In this tutorial we show you how to develop a hello world web application using classic Struts 1.3 framework.

Tools and technologies used :

  1. Struts 1.3.10
  2. Maven 2.x
  3. Eclipse 3.6

Final project structure

Let’s see the final folder structure first.


1. Maven Template

Generate a quick start Java project structure with Maven command “mvn archetype:generate“, select template 18 for a simple Java web project template.

Define value for groupId: : com.mkyong.common
Define value for artifactId: : StrutsExample
Define value for version:  1.0-SNAPSHOT: :
Define value for package:  com.mkyong.common: : com.mkyong.common
[INFO] ------------------------------------------------------------------------
[INFO] ------------------------------------------------------------------------
[INFO] Total time: 1 minute 5 seconds
[INFO] Finished at: Thu Apr 08 11:29:30 SGT 2010
[INFO] Final Memory: 8M/14M
[INFO] ------------------------------------------------------------------------

2. pom.xml file configuration

Add the Struts dependencies in pom.xml. In Struts 1.x, you need the struts-core.jar for core module and struts-taglib.jar for tag library.

<project xmlns="" 
  <name>StrutsExample Maven Webapp</name>

3. Eclipse IDE

Convert this project to Eclipse web project with Maven command “mvn eclipse:eclipse -Dwtpversion=1.5“. All the Struts dependent libraries will automatically download into your Maven local repository, link it in your project classpath, and convert it to Eclipse’s web project style.

E:\workspace\struts\StrutsExample>mvn eclipse:eclipse -Dwtpversion=1.5
[INFO] Scanning for projects...
[INFO] Searching repository for plugin with prefix: 'eclipse'.
[INFO] ------------------------------------------------------------------------
[INFO] Building StrutsExample Maven Webapp

Just import it into Eclipse IDE.

4. Action Form

Create a Struts Action Form to hold the “hello world” data later.

package com.mkyong.common.form;
import org.apache.struts.action.ActionForm;
public class HelloWorldForm extends ActionForm{
	String message;
	public String getMessage() {
		return message;
	public void setMessage(String message) {
		this.message = message;

5. Action (Controller)

Create a Struts Action (Action Controller) file to control how Struts will forward the request, just override the execute() method with your own logic here.

package com.mkyong.common.action;
import javax.servlet.http.HttpServletRequest;
import javax.servlet.http.HttpServletResponse;
import org.apache.struts.action.Action;
import org.apache.struts.action.ActionForm;
import org.apache.struts.action.ActionForward;
import org.apache.struts.action.ActionMapping;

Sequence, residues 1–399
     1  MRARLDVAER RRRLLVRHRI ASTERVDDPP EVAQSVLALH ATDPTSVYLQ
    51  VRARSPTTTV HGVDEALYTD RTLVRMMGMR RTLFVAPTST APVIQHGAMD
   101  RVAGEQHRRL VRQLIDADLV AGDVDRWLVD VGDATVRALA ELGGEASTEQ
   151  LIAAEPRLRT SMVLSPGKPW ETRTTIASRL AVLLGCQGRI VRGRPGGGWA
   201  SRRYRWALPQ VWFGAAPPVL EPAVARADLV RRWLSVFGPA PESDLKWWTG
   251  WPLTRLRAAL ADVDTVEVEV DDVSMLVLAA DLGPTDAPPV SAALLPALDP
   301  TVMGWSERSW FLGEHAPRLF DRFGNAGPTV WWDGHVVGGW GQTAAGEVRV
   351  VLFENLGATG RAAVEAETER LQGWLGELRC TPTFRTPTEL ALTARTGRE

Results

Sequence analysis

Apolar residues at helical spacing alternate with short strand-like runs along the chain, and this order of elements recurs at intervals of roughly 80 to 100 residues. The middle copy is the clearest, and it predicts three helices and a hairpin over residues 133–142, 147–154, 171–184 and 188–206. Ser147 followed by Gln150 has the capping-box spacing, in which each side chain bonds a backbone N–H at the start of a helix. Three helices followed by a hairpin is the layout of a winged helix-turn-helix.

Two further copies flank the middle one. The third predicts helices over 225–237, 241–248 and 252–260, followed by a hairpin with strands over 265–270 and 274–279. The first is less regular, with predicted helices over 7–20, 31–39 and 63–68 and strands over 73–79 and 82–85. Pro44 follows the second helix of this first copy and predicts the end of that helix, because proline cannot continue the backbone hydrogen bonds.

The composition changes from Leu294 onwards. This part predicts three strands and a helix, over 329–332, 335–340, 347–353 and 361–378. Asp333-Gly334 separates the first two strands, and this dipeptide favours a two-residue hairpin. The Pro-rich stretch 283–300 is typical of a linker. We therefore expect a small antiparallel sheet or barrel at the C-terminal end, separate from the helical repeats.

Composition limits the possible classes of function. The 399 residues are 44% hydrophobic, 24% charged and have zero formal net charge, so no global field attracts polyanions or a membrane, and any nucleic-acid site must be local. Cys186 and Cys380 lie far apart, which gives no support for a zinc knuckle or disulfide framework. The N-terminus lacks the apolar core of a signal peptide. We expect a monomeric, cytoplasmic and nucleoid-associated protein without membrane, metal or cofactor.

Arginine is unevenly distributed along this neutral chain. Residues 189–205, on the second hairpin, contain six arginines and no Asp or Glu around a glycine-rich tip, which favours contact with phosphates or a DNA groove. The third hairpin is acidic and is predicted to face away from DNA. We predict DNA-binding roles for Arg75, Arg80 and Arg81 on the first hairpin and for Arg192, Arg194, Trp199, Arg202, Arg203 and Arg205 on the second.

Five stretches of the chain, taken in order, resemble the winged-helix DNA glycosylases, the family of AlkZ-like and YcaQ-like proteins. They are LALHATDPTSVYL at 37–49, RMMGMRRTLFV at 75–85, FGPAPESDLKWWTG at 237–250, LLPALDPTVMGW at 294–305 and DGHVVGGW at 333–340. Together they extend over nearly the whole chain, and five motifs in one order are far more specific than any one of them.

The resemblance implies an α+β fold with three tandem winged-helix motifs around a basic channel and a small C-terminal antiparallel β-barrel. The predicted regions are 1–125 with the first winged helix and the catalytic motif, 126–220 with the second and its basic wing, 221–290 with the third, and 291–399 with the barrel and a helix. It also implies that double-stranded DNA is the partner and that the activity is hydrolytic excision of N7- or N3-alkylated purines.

import com.mkyong.common.form.HelloWorldForm;
public class HelloWorldAction extends Action{
	public ActionForward execute(ActionMapping mapping,ActionForm form,
		HttpServletRequest request,HttpServletResponse response)
        throws Exception {
		HelloWorldForm helloWorldForm = (HelloWorldForm) form;
		helloWorldForm.setMessage("Hello World! Struts");
		return mapping.findForward("success");

6. JSP view page

Create a JSP page and access the Action Form object via Struts tag library and print it’s message property.

<%@taglib uri="" prefix="bean"%>
<h1><bean:write name="helloWorldForm" property="message" />

7. struts-config.xml

Create a struts-config.xml file for the Struts configuration details, and put it into the WEB-INF folder.

<?xml version="1.0" encoding="UTF-8"?>
<!DOCTYPE struts-config PUBLIC 
"-//Apache Software Foundation//DTD Struts Configuration 1.3//EN" 
	   <form-bean name="helloWorldForm" 
	   <action path="/helloWorld"
		<forward name="success" path="/HelloWorld.jsp"/>

Define a form bean named “helloWorldForm” and action controller mapping “HelloWorldAction“, match the /helloWorld web path to HelloWorldAction. It’s means all the request from /helloWorld web path will redirect to HelloWorldAction. The “name” attribute is use to define which action form will pass to this HelloWorldAction.

8. The Web Application Deployment Descriptor

In web.xml file, configure the Struts ActionServlet instance and map it with url-pattern “*.do”, so that the container is aware of all the “*.do” pattern will redirect to Struts ActionServlet.

 "-//Sun Microsystems, Inc.//DTD Web Application 2.3//EN"
 "" >
  <display-name>Maven Struts Examples</display-name>

9. Java EE Module dependency (Optional)

If you want to do the debugging work in Eclipse IDE, you have to make sure the Java EE module dependencies is checked so that the Eclipse will deploy all the dependencies into correct folder. See details here.

10. Run it

In Eclipse IDE, create a new server plugin and start it. You can access this example in the following URL.


HttpServletRequest class not found?
If you hit above error, make sure you include the javaee.jar (exists in your JDK/lib folder). Due to license issue, this javaee.jar is not able to use Maven to download it, you have to include it manually.



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